Deep brain stimulation (DBS) is a well proven and often performed surgical procedure to lessen the symptoms of movement disorders, including Parkinson’s, epilepsy, essential tremor, and dystonia. DBS has benefited more than 100,000 patients over a quarter of a century. The DBS system sends electrical signals into one of three target areas of the brain that control movement. Studies have shown that these signals translate into improved symptoms for patients with movement conditions—mainly Parkinson’s disease, dystonia, and essential tremor.
While DBS surgery does not cure the disease, the benefits of DBS are extensive and DBS can improve symptoms of movement disorders, such as:
- Slow movements
- Walking problems
- Essential tremor
- Abnormal movements and postures of dystonia
- Anxiety and compulsive behaviors in OCD patients
At Denver DBS Center, our neurosurgeons are among the top in the nation for DBS. Denver DBS Center is pleased to offer patients the two-step Asleep DBS procedure that reduces the number of surgeries, minimizes surgery time, allows patients to remain asleep during all surgeries, and improves electrode placement. We work closely with you and your care team so that your treatment options are carefully vetted and understood. We use an evidence-based approach, ensuring our recommendations provide you with the most benefits for your movement disorder, while minimizing risk as much as possible.
FAQs About Deep Brain Stimulation
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Conditions We Treat
What is DBS?
Deep brain stimulation (DBS) helps control tremors by delivering tiny electrical signals into one of three target areas of the brain that control movement: Subthalamic Nucleus-STN; Globus Pallidus pars interna-GPi; and Ventral Intermediate Nucleus of the Thalamus-Vim. With DBS, a pacemaker-like device is implanted under the skin, and then electrodes are attached to specific areas of the brain that control movement.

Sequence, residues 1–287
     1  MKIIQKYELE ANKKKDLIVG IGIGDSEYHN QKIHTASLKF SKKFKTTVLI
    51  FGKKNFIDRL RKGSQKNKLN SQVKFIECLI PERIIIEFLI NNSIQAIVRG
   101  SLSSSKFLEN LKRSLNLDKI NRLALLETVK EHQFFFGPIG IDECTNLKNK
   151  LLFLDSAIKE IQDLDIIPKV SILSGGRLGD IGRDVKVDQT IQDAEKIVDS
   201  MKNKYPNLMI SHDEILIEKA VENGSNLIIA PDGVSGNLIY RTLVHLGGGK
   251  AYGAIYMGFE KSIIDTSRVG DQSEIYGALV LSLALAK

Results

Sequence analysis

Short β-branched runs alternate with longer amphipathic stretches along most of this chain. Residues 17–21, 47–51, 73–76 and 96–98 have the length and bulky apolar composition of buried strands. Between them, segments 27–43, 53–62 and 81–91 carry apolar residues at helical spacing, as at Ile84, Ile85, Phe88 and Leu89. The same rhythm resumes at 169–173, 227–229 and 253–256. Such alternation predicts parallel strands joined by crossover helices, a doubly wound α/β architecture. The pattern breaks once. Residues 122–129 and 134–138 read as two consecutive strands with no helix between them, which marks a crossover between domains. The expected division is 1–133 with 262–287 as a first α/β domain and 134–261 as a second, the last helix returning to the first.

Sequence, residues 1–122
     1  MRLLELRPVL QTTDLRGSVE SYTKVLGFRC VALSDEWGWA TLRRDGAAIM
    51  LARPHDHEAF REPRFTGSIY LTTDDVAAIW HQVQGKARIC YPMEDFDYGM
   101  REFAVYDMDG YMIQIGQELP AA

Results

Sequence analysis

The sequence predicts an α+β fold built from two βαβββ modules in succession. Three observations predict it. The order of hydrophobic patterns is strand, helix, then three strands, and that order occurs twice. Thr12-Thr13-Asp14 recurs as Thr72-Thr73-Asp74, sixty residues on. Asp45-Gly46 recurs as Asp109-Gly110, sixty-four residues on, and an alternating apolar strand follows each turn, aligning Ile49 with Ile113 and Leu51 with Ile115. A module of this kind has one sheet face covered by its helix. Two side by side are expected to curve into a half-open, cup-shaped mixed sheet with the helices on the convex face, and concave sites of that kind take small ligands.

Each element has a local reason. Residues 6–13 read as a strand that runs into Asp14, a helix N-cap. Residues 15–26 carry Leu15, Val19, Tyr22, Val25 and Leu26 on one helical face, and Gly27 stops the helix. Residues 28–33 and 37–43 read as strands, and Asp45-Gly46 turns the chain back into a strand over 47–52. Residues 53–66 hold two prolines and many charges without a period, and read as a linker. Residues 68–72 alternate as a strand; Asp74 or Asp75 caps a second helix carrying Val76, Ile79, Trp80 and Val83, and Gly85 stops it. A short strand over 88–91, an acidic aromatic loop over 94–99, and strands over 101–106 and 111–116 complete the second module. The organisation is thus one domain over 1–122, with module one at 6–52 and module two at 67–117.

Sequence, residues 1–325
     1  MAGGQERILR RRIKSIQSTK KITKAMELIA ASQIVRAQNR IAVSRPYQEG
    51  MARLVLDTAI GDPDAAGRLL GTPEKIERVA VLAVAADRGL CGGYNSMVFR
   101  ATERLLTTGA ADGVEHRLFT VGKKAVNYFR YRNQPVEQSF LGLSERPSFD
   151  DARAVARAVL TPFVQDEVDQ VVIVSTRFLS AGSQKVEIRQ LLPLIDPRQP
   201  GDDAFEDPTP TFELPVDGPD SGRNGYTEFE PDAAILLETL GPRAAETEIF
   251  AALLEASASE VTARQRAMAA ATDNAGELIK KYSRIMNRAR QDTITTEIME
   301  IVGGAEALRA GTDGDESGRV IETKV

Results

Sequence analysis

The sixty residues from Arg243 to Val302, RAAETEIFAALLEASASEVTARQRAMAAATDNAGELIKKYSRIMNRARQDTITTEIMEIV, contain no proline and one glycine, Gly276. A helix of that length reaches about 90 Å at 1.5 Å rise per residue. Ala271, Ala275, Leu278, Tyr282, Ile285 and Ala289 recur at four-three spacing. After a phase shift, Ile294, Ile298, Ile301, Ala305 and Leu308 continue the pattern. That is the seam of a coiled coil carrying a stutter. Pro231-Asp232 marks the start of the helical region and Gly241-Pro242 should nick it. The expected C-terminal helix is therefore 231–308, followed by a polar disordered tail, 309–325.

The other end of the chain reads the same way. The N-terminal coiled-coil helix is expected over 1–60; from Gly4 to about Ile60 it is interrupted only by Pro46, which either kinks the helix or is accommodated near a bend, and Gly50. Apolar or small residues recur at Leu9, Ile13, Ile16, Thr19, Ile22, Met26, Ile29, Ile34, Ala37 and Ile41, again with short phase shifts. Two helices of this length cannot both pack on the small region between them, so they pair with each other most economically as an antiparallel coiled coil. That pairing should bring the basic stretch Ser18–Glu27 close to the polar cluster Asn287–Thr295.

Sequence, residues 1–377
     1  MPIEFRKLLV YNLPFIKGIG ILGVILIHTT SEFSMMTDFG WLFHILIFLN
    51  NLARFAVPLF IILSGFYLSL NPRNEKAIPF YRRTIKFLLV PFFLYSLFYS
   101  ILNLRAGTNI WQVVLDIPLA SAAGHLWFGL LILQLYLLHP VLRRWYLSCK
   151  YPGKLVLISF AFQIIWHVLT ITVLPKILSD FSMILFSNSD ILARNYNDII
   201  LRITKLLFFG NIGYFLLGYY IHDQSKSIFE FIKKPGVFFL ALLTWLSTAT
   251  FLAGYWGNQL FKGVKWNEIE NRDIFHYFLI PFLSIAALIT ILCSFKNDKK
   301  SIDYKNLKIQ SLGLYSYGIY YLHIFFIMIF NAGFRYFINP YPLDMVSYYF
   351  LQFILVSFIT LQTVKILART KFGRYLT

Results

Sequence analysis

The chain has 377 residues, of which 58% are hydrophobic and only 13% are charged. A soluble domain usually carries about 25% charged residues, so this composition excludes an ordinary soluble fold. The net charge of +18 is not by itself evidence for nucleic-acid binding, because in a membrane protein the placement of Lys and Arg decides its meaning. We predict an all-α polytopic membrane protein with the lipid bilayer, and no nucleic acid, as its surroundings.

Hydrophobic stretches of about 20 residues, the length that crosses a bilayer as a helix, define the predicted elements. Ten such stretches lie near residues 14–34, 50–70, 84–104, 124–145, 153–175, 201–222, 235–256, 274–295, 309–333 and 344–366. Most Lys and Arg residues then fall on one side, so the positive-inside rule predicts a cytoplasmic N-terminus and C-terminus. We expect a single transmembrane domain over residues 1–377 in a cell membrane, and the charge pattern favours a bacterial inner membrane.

What are the steps involved in DBS surgery?
DBS surgery consists of three steps:
- Placement of an extremely thin, insulated wire known as a lead (electrode) into the brain
- Implantation of a device, known as generator (neurostimulator), near the collarbone
- Attachment of the lead and generator via a thin, insulated wire known as an extension
What are the types of DBS surgery?
There are currently two types of DBS: Asleep DBS and Awake DBS. Both are safe and effective, yet each differ in surgery time, number of surgeries, electrode placement, and your ability to actively observe the process. Choosing a DBS procedure that best suits your needs should be discussed with your neurologist, neurosurgeon, and primary care provider. At the Denver DBS Center, we will work with your neurologist and primary care provider to provide this consultation to ensure we are all working together on your behalf.
What are the differences between Asleep DBS and Awake DBS?
While Asleep DBS and Awake DBS provide similar symptom relief for people with movement disorders, they each have different approaches.
- Entails two surgeries, both of which are performed with the patient asleep.
- MRI/CT performed during the first surgery, eliminating a pre-surgery visit.
- Entire procedure takes 2-3 hours.
- Electrode placement is typically within 1 millimeter of target, which is more accurate than placement with awake DBS.
- Electrode testing is not necessary.
- Requires three surgeries, two of which are performed while the patient is awake.
- MRI/CT must take place prior to surgery, requiring an additional procedure and visit.
- Electrode placement takes 4-6 hours.
- Electrode placement is within 1-2 millimeters of target.
- Electrode testing conducted during surgery to ensure proper placement.